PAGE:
Aug.:  Did pre-Alma Nephites have a Church organization?

“Question:  In our lesson this week we came upon the question which follows: ‘Are we necessarily obliged to conclude that the Nephites had no church organization before Alma’s time?  See Mosian 18:17-18 and 23:16-17.’

Answer:  To get this matter clearly before us let us quote the passage in question:  

And they were called the church of God, or the church of Christ, from that time forward.  And it came to pass that whosoever was baptized by the power and authority of God was added to his church.

And it came to pass that Alma, having authority from God, ordained priests; even one priest to every fifty of their number did he ordain to preach unto them, and to teach them concerning the things pertaining to the kingdom of God.  (Mos. 18:17-18)

And now, Alma was their high priest, he being the founder of their church.

And it came to pass that none received authority to preach or to teach except it were by him from God.  Therefore he consecrated all their priests and all their teachers; and none were consecrated except they were just men.  (Mos. 23_16-19)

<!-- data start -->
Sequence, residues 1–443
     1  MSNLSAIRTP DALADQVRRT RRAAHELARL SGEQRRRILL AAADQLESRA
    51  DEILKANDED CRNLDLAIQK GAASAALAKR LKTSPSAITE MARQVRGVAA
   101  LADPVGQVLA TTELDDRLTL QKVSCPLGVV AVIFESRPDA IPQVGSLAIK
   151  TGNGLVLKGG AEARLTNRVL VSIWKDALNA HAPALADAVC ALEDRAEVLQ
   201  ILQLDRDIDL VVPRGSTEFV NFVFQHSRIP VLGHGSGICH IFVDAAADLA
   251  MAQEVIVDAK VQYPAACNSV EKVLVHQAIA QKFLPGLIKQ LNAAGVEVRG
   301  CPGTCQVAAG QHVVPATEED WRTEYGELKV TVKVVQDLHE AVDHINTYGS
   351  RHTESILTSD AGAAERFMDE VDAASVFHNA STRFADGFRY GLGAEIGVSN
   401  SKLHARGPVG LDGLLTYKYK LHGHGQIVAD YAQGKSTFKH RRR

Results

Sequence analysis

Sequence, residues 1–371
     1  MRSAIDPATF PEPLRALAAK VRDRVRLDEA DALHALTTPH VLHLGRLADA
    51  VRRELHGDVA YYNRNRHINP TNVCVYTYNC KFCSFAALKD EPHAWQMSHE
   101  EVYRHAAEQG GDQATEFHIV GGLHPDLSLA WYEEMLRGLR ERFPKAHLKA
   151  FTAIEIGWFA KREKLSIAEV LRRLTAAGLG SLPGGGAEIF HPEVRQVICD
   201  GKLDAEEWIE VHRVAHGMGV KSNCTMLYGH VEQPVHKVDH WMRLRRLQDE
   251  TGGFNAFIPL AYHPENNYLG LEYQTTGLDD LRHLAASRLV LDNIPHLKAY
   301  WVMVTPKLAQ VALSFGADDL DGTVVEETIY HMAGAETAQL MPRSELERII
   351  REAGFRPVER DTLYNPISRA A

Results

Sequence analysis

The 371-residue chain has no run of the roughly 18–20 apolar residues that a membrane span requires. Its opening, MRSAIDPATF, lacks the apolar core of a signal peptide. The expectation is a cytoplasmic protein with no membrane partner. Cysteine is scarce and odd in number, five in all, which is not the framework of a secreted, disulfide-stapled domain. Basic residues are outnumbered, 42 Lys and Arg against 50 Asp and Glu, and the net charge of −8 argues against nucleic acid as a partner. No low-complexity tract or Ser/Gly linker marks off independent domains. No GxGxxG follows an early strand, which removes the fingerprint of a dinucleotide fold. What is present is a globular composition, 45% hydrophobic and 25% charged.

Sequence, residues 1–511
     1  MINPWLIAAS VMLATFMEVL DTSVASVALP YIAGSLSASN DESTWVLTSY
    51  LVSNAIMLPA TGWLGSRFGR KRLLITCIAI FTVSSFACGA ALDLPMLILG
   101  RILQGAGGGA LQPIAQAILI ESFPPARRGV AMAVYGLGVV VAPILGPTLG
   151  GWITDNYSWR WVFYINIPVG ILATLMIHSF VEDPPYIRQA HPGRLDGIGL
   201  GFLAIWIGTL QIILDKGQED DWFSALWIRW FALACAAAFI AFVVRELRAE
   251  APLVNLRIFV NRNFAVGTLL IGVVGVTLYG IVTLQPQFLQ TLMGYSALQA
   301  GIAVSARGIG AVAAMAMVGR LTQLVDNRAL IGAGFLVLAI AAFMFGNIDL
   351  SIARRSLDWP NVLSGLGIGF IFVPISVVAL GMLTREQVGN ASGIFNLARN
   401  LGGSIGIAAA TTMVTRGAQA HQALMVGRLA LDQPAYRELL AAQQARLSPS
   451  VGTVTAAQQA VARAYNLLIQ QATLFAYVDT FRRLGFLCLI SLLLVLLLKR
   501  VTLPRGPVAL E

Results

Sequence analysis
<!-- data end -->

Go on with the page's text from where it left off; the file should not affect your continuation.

There is always danger in isolating passages from their context; or in failing to take into account all the factors of the historical setting.  It should be remembered that Alma had been one of the priests of King Noah in the land of Lehi-Nephi.  It should also be taken into consideration that the colony in that land separated themselves from the main body of the Church in Zarahemla.  In the days of Amaleki, who kept the Nephite record, a company of Nephites under Zeniff desired to occupy the land which was first settled by the Nephites, and entered into an agreement with the Lamanites to possess that land.  There they established an independent kingdom which they possessed for many years, however in constant war and bondage to the Lamanites.  In course of time, under King Noah, they became very wicked.  It was at this time that the prophet Abinadi was murdered, and Alma, having accepted the teachings of Abinadi, gathered around him all who were willing to keep the commandments of the Lord, and doing so he brought upon himself and his followers the wrath of the wicked king, and they had to flee from their homes into the wilderness, with the intention of making their way back to the land of Zarahemla.  The story of their flight, suffering, and blessings from the hand of the Lord were recorded in the book of Mosiah.  While in the wilderness Alma organized his group of believers into a branch of the church and is spoken of as their founder.  The main body of the Nephites, under the second King Mosiah, was still intact in the land of Zarahemla.  The reference stating that Alma was the founder of their church has reference only to the refugees who were fleeing from the land of the Nephites’ first inheritance.  In course of time they found their way back to the main body of the Church and Alma was consecrated as the high priest over the church in all of the lands occupied by the Nephites.  When we have the complete picture before us, it is plain to see that Alma did a great service in rescuing and organizing the refugees who came with him out of the land of Lehi-Nephi.